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3rd dose: Quebec did not follow the advice of the INSPQ “for the sake of effectiveness”

At a time when many Quebecers are unaware whether they have indeed developed the disease for lack of available tests and are therefore wondering whether they should wait before receiving their booster dose, the Ministry of Health recommends that they go and get it. Nevertheless.

• Read also: Quebec did not listen to its experts on the rapid administration of a 3rd dose to the infected

“It is better to give a booster dose to someone who has recently had COVID-19 than to leave someone who has not had COVID-19 without additional protection,” said the spokesperson for the Ministry (MSSS), Robert Maranda, by email, Thursday.

Quebec had however affirmed Wednesday that this decision had been taken “following a recommendation of public health”.

Two members of the Quebec Immunization Committee (CIQ), which reports directly to the National Institute of Public Health (INSPQ), replied that it is rather a government decision.

One final recommendation from Arruda

Citing a “recommendation” made by the former national director of public health, Dr Horacio Arruda, the day of his resignation, the MSSS specifies Thursday that “there is no risk to receive a booster dose, as soon as COVID-19 is cured”.

In this document, which the QMI Agency had reported on Wednesday, Dr. Horacio Arruda notably cites the positions of the American Centers for Disease Control and Prevention (CDC) and of the National Advisory Committee on Immunization (CCNI).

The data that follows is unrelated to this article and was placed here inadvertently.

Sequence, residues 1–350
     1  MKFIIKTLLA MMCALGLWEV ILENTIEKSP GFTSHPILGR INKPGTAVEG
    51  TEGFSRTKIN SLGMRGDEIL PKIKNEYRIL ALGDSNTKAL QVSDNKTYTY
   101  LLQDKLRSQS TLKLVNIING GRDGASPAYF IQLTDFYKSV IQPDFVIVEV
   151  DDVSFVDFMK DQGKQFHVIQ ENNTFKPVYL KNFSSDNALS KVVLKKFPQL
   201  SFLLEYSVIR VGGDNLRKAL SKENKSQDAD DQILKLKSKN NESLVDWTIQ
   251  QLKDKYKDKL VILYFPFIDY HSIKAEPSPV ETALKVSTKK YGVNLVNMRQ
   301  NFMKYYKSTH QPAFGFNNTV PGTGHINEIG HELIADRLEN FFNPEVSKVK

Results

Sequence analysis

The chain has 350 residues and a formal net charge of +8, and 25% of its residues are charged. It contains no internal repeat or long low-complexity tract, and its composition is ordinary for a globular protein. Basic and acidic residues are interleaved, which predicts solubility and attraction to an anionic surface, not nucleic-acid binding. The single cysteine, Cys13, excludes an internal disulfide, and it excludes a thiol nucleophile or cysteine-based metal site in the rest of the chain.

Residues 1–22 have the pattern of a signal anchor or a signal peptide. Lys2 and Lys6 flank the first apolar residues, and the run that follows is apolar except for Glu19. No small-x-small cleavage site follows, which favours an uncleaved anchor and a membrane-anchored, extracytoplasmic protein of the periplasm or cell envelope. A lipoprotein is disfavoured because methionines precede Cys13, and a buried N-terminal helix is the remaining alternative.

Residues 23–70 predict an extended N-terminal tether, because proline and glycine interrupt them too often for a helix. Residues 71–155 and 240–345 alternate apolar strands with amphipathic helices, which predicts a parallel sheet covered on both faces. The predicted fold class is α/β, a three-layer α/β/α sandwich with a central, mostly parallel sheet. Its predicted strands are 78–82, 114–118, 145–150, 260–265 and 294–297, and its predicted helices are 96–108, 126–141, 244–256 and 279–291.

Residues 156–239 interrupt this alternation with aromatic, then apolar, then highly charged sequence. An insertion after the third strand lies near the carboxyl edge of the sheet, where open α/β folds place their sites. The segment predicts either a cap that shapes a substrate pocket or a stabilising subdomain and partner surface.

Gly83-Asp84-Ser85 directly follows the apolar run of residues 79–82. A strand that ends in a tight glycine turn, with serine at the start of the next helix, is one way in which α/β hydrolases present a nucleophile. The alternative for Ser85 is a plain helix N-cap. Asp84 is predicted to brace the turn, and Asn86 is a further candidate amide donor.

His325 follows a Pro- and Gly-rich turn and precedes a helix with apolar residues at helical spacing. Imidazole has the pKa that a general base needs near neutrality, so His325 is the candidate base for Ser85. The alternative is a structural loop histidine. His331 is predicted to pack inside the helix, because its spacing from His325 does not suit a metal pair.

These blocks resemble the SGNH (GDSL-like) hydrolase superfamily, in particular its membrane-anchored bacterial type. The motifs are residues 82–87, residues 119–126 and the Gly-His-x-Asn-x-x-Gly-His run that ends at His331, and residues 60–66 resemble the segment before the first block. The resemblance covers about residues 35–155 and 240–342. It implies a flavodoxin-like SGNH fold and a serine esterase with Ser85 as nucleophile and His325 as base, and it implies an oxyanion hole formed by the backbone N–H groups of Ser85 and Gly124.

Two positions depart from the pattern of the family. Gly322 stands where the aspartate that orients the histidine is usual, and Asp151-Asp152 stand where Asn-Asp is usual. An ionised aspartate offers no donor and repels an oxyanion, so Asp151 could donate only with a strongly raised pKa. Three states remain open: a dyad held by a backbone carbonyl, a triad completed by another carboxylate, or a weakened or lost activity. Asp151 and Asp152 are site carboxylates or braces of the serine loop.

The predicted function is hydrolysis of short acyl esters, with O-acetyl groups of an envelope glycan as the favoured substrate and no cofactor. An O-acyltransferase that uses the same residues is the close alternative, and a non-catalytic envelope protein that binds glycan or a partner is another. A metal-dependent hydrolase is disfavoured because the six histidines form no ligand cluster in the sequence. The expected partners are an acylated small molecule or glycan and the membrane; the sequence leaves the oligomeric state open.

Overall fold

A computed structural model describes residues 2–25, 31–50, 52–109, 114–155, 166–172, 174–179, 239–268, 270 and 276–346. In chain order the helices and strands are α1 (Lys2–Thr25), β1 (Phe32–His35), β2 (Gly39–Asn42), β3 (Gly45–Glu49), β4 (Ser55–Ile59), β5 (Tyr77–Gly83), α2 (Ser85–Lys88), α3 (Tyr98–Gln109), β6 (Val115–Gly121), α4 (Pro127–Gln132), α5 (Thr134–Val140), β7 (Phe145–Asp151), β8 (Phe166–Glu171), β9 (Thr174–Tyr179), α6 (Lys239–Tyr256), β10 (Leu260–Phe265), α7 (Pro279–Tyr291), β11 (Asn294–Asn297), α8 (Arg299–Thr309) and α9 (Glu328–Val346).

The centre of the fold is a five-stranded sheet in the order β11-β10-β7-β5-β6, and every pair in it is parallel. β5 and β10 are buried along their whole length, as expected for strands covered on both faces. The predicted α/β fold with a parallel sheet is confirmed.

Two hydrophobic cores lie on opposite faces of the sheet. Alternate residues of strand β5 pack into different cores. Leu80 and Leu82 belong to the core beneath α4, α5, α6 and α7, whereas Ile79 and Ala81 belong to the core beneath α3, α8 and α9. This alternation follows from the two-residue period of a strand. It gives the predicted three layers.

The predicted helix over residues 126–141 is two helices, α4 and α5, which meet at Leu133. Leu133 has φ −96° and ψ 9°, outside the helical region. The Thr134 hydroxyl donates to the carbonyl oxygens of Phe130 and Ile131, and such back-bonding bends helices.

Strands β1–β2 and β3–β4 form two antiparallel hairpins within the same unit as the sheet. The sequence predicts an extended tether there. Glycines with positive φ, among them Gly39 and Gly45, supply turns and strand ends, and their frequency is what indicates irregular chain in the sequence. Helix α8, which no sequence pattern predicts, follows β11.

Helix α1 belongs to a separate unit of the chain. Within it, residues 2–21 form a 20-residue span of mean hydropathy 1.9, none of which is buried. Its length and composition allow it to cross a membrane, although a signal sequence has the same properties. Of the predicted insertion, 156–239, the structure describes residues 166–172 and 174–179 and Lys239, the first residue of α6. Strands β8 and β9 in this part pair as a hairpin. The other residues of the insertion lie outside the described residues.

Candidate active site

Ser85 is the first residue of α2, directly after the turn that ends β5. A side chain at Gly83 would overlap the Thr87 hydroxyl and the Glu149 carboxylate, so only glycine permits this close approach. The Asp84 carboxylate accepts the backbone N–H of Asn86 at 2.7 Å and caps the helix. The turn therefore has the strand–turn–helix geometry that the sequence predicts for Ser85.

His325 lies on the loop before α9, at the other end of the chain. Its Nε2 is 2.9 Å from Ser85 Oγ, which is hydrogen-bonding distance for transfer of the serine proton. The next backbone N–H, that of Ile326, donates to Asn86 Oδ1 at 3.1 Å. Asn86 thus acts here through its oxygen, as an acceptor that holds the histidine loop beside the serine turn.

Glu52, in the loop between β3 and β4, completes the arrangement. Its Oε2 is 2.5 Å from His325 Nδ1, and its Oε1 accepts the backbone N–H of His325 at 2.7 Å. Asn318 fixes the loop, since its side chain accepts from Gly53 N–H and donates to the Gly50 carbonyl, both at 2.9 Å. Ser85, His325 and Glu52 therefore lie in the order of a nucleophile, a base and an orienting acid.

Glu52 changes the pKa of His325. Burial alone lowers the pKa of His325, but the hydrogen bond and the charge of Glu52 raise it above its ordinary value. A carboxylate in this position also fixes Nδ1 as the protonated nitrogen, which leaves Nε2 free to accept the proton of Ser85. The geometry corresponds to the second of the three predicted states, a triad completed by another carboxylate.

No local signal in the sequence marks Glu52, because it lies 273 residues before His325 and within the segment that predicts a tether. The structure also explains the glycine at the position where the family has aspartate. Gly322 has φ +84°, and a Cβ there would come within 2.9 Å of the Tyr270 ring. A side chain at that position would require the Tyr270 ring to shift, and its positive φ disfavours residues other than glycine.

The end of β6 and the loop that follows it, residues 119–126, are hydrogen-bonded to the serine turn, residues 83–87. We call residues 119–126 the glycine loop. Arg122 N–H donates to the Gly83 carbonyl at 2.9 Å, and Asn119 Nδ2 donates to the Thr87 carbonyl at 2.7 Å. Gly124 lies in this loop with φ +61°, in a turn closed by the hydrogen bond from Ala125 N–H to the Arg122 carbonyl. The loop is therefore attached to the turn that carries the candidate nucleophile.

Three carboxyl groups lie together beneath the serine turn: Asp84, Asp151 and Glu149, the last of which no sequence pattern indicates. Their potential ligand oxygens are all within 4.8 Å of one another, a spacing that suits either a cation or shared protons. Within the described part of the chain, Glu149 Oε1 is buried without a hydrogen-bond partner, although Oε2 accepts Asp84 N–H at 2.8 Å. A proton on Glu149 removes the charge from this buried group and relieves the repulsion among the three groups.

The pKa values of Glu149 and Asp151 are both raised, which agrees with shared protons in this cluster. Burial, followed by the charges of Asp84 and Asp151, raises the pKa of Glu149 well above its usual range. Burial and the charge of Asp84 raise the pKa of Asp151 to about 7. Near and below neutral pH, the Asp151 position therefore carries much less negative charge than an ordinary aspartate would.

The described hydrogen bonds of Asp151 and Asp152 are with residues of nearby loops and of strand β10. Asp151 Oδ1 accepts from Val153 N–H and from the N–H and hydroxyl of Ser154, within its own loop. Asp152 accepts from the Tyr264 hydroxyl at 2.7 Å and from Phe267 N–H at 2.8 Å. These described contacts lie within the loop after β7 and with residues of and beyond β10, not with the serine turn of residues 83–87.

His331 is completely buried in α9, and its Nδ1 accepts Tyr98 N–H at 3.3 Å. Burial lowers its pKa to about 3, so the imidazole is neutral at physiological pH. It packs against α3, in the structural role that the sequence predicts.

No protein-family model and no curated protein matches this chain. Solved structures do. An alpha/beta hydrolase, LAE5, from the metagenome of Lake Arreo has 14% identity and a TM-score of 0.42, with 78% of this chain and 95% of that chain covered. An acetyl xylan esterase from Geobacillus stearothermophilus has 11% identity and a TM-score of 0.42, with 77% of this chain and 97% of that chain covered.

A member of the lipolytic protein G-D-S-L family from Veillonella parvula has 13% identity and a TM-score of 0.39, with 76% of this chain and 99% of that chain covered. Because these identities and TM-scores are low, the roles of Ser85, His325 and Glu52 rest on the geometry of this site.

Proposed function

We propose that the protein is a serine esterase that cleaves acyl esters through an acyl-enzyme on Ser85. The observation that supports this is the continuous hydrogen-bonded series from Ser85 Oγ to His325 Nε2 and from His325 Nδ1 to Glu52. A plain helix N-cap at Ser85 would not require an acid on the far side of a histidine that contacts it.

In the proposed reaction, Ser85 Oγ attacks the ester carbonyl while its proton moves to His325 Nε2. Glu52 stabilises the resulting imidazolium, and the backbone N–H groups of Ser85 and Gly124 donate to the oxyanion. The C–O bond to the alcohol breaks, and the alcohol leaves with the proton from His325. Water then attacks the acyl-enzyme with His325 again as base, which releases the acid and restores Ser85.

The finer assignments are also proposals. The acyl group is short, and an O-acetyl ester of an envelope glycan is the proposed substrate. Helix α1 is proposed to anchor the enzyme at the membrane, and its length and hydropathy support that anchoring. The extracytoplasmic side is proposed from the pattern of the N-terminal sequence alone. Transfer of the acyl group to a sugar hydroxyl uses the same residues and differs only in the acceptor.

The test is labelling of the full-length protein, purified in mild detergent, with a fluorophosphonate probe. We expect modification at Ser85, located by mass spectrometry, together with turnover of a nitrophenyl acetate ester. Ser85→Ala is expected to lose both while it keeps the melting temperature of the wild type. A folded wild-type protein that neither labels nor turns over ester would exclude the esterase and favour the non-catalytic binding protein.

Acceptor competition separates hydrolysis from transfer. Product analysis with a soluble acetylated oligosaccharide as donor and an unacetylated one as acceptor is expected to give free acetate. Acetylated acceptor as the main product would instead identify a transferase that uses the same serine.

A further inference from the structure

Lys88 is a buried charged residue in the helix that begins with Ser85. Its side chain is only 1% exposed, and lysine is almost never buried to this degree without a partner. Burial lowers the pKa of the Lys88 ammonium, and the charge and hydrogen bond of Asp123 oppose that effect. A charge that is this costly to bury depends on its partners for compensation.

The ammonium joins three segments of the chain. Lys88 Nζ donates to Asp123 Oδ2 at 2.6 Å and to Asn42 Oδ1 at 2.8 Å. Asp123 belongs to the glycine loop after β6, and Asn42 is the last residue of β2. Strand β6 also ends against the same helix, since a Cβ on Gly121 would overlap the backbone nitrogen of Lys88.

The position of the Quebec Immunization Committee (CIQ) is also mentioned there, but to say that it “does not eliminate” the option of giving a 3e dose to an infected person as soon as their symptoms stop.

Thus, “a citizen having received a positive result for COVID could decide to wait up to 3 months, that is to say the time prescribed by the CIQ, before going to seek his 3e dose ”, indicates the MSSS.

Eight weeks minimum

Indeed, the CIQ recommends instead that infected people wait “ideally” three months and “minimally” eight weeks before taking advantage of their booster dose. “Adverse effects” can occur in a recently infected person who receives their vaccine without meeting this deadline, they wrote in mid-December.

“It has not changed on the side of scientific data, the disease offers excellent protection, but currently, operational or administrative imperatives have taken over”, had also indicated the DD Maryse Guay, professor at the University of Sherbrooke and member of the CIQ, Wednesday.

“It remains for people who have recently had COVID-19 to make the best decision for their health, hoping that they will have access to all the information to make an informed decision,” she added, Thursday.

But “due to the tightening up for access to PCR tests and the low availability of rapid tests, it is becoming difficult to separate people who have recently had COVID-19 from others,” the ministry admits.

Requested transparency

For the leader of the Parti Québécois, Paul St-Pierre Plamondon, the department should be more transparent, especially when it comes to health care provided to the population.

“People have a right to know what is recommended and what is medically optimal, regardless of management and operational considerations or the will of the government,” he said.

In the context of the lack of screening tests, Paul Saint-Pierre Plamondon recognizes that it is “a complicated situation”, but affirms that it is necessary to explain “at the very least” to the population the potential side effects to receive a dose of the vaccine immediately after having the illness.

“The first step is for there to be transparent disclosure of medical recommendations in relation to the vaccine,” he said.

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